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Alcohol Awareness Week 2021

To cope with difficult situations, some people turn to alcohol. But in turn, excessive alcohol consumption can have an impact on our mental health. Read on to learn about the relationship between alcohol and mental health and where to go if you need help.

According to the NHS, 358,000 admissions to hospital in 2018/19 were due to drinking alcohol.  With the added pressure of COVID-19, provisional data shows that in 2020 there were 7,423 alcohol-specific deaths in England and Wales. This is a 19.6% increase in deaths from 2019.

With many of us drinking more, for many reasons, our relationships at home, with friends or even at work can become even tougher.  So by taking control of our drinking, we can create happier relationships as well as improve our mental health and wellbeing. 

Can alcohol affect my mental health?

The relationship between alcohol and mental health is complex.

Alcohol has been described as the ‘UK’s favourite coping mechanism’, and many of us drink to try and manage stress, anxiety, depression or any other mental health problem. This is called ‘self-medicating’.

Although alcohol can help us feel relaxed and give us a brief feeling of happiness, the effects are short-lived and the long-term negative consequences of drinking over a long period of time can be damaging:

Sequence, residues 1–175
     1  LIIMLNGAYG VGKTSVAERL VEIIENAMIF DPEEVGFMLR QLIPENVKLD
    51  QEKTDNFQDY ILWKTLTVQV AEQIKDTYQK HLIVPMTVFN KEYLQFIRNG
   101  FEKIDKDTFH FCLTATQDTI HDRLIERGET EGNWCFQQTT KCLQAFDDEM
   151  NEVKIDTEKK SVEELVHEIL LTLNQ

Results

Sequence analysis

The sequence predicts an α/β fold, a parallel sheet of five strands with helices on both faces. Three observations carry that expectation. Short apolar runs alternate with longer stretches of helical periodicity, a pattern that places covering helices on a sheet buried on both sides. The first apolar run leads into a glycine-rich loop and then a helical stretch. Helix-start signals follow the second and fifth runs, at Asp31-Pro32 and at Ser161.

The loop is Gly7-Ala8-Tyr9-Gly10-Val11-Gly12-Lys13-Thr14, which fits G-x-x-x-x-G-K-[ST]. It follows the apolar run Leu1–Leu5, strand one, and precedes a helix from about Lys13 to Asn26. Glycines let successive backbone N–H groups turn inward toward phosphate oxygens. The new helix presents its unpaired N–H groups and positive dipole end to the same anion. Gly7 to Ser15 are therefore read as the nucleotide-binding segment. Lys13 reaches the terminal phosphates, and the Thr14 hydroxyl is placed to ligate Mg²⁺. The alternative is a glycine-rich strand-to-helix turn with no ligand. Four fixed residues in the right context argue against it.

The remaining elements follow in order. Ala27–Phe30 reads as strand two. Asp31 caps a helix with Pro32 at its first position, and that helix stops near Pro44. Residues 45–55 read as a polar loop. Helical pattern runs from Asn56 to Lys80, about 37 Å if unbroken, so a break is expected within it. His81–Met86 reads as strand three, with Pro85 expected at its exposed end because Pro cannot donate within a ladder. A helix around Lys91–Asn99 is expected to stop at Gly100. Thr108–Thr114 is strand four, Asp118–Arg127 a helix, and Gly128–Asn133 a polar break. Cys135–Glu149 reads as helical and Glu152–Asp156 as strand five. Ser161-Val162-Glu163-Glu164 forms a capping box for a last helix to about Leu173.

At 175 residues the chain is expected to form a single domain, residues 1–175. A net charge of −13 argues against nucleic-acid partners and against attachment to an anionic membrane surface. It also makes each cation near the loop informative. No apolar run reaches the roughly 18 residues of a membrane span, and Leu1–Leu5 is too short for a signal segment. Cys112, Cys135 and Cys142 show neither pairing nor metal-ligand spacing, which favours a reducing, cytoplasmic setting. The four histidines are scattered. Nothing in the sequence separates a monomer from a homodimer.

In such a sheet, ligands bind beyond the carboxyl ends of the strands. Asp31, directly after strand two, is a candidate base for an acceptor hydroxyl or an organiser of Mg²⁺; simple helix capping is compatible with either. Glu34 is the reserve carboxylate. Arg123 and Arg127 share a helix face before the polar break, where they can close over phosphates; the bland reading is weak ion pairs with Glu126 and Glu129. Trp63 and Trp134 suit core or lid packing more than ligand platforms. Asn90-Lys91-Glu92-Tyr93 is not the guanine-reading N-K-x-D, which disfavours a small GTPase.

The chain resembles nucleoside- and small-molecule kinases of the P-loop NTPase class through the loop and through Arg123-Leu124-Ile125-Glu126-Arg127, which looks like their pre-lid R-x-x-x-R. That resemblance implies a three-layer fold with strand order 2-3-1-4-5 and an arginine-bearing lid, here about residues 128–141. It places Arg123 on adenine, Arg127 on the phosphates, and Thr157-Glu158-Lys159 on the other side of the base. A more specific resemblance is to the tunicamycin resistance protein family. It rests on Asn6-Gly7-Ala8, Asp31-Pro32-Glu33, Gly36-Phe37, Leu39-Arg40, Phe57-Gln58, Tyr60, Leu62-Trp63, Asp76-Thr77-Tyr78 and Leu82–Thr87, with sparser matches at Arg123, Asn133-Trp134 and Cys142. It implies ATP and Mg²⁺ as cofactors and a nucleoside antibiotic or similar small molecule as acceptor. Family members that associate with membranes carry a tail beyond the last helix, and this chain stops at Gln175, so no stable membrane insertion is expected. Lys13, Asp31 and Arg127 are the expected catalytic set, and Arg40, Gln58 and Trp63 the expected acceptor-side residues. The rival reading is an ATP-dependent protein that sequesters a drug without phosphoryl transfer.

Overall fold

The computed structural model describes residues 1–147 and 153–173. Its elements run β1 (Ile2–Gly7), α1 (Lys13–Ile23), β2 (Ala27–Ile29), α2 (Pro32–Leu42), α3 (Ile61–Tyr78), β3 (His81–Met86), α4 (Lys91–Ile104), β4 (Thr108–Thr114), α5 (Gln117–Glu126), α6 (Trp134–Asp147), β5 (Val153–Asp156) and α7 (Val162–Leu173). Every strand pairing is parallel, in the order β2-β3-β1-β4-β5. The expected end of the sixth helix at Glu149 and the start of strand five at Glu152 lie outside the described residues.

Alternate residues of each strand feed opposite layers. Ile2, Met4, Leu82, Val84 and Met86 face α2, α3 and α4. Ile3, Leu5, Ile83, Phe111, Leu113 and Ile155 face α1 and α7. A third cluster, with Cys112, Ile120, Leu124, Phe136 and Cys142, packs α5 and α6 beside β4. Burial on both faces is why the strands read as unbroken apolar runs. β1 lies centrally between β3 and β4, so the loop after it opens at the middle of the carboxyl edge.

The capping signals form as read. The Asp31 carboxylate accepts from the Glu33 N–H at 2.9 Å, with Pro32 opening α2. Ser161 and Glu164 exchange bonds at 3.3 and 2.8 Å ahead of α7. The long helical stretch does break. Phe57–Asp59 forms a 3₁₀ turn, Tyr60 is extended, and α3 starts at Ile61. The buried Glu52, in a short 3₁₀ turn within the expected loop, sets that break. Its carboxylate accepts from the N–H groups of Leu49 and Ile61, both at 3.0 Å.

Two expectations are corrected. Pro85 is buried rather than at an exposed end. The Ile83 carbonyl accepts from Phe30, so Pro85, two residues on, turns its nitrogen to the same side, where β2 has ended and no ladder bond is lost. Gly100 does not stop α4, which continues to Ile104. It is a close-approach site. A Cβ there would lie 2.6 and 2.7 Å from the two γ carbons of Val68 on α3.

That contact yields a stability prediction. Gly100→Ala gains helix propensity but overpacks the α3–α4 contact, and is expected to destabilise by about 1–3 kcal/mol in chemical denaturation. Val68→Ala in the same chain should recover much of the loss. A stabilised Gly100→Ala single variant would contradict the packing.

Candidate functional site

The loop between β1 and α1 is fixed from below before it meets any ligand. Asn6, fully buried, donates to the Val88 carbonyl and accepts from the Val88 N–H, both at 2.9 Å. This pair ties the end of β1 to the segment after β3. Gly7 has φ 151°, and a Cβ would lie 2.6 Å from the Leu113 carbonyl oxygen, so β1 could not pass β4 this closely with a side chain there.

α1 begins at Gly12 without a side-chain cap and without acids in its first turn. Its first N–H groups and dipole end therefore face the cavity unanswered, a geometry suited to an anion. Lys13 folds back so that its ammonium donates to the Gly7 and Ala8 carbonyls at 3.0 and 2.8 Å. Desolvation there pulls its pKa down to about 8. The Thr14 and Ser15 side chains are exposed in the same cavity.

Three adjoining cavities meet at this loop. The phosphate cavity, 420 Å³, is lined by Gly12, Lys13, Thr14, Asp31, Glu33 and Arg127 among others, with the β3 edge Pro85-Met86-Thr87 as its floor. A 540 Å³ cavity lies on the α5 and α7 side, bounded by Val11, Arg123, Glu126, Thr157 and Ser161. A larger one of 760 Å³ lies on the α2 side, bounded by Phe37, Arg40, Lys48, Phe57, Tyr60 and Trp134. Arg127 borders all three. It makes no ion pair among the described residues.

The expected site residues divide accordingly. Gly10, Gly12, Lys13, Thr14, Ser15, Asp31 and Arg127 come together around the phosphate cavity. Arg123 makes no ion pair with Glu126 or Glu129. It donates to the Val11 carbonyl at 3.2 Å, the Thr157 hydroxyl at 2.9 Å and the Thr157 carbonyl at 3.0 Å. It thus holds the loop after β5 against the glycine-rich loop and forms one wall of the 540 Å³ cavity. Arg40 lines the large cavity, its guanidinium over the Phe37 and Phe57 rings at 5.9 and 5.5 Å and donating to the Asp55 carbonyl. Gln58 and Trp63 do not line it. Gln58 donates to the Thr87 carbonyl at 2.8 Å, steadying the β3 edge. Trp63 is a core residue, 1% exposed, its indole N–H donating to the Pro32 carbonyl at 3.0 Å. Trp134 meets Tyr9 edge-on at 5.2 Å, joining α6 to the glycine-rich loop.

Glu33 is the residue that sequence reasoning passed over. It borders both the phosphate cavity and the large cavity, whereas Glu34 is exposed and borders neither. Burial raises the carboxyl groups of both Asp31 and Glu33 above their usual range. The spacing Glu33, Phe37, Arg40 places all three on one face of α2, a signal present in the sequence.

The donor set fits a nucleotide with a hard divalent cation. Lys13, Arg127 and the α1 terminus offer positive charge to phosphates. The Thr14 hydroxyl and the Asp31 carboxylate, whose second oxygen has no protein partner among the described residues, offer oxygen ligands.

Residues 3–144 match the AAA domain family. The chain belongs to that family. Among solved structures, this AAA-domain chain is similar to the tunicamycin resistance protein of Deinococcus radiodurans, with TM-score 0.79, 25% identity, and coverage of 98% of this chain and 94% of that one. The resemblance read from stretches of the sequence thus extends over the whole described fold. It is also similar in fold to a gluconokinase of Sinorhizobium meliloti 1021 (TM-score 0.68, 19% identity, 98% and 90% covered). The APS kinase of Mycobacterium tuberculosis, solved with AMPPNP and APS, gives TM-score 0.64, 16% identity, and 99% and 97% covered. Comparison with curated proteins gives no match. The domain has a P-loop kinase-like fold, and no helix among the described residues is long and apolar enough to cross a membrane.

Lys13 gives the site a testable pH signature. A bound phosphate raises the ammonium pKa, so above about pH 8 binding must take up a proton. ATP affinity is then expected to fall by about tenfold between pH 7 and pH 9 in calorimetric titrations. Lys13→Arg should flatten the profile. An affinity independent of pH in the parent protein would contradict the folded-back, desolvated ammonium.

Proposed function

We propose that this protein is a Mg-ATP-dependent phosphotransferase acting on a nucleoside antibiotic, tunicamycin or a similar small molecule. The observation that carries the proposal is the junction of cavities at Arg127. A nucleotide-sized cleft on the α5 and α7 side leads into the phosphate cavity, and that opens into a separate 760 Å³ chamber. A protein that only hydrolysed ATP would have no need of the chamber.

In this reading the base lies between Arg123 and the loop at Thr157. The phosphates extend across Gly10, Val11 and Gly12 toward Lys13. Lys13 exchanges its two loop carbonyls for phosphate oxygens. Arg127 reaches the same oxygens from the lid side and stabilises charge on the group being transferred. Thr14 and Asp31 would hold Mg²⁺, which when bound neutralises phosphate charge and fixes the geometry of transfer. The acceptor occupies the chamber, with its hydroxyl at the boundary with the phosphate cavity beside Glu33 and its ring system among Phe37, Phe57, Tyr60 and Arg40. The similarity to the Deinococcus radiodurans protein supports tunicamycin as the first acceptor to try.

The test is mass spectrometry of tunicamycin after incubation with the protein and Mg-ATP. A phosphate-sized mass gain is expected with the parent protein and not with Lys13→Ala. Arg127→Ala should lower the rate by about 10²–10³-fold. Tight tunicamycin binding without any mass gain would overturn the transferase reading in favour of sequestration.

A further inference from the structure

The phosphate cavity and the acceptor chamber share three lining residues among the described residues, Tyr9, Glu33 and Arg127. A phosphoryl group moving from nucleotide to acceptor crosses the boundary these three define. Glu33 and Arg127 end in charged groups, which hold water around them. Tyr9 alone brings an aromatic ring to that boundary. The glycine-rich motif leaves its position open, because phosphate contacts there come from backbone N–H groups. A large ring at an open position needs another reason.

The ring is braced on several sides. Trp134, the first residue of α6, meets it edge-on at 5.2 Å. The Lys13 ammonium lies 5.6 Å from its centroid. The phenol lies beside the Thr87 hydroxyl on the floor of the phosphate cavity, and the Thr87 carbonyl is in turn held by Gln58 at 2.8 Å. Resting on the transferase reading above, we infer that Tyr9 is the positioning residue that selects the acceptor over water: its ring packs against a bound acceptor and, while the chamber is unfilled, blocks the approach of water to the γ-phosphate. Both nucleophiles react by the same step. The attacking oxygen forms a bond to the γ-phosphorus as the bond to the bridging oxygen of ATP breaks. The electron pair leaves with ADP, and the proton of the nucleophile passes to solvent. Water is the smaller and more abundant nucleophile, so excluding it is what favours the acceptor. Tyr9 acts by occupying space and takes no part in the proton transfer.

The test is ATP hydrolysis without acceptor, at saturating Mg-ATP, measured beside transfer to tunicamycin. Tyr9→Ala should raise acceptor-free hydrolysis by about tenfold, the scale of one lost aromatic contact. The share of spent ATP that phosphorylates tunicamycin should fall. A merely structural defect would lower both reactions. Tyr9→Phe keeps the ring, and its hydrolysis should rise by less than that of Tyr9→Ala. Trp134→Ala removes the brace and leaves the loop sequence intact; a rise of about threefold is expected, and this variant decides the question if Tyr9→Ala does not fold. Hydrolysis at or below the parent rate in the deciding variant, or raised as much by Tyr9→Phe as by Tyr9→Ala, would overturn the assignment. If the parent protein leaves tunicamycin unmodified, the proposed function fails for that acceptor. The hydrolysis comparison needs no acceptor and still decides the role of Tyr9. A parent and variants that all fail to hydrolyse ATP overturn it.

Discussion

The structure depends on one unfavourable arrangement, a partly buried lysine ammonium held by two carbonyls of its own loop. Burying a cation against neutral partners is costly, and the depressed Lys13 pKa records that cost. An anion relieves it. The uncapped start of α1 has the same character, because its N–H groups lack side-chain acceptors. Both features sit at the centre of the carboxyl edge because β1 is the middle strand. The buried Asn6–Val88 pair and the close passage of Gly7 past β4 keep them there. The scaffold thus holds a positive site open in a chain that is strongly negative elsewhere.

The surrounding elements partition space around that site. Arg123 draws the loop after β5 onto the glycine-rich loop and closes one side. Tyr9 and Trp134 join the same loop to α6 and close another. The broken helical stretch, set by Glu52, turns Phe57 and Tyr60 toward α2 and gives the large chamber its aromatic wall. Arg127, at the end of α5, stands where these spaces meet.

• Overuse of alcohol can contribute to the worsening of symptoms of many mental health problems such as low mood and anxiety
  • Injuries – more than 1 in 10 visits to A&E departments are because of alcohol-related illnesses
  • Violence and antisocial behaviour – each year in England more than 1.2 million violent incidents are linked to alcohol misuse
  • Altered perception of reality
  • Paranoia
  • Impaired judgement
  • Cancers
  • Severe withdrawal symptoms

If you rely on alcohol to manage your mental health problems, that reliance can itself become a problem. You may well find that your drinking starts to get in the way of other activities and puts a strain on your relationships – both things that can undermine your mental wellbeing

Alcohol and depression

Alcohol is a depressant because it disrupts the chemical balance in your brain. The alcohol begins to alter the part of the brain linked with inhibition as soon as you take your first sip.  That’s why having a drink might help you feel more confident and comfortable.

However, some people wonder, “Why do I feel sad after drinking alcohol?”  This is due to the fact that when you consume more alcohol, something unusual may begin to occur. When your brain is exposed to excessive doses of alcohol, the pleasant effects of your first drink may be replaced by unpleasant feelings such as depression, anxiety, or anger – even if you were in a good mood when you began drinking.

For that reason, managing your alcohol intake is one way of reducing your risk of developing depression. If you do experience depression, reducing the amount you drink may help to manage symptoms. 

What to do if you are struggling?

If you are feeling nervous, depressed, or have any other mental health issues, you deserve support. You can chat with your GP by arranging an appointment today, or you can seek treatment right away at any of the following mental health support services:

Addaction / addaction.org.uk

Adfam / adfam.org.uk

Alcoholics Anonymous / alcoholics-anonymous.org.uk

Drinkaware / drinkaware.co.uk

DrugWise / drugwise.org.uk

Frank / talktofrank.com

Mind / mind.org.uk

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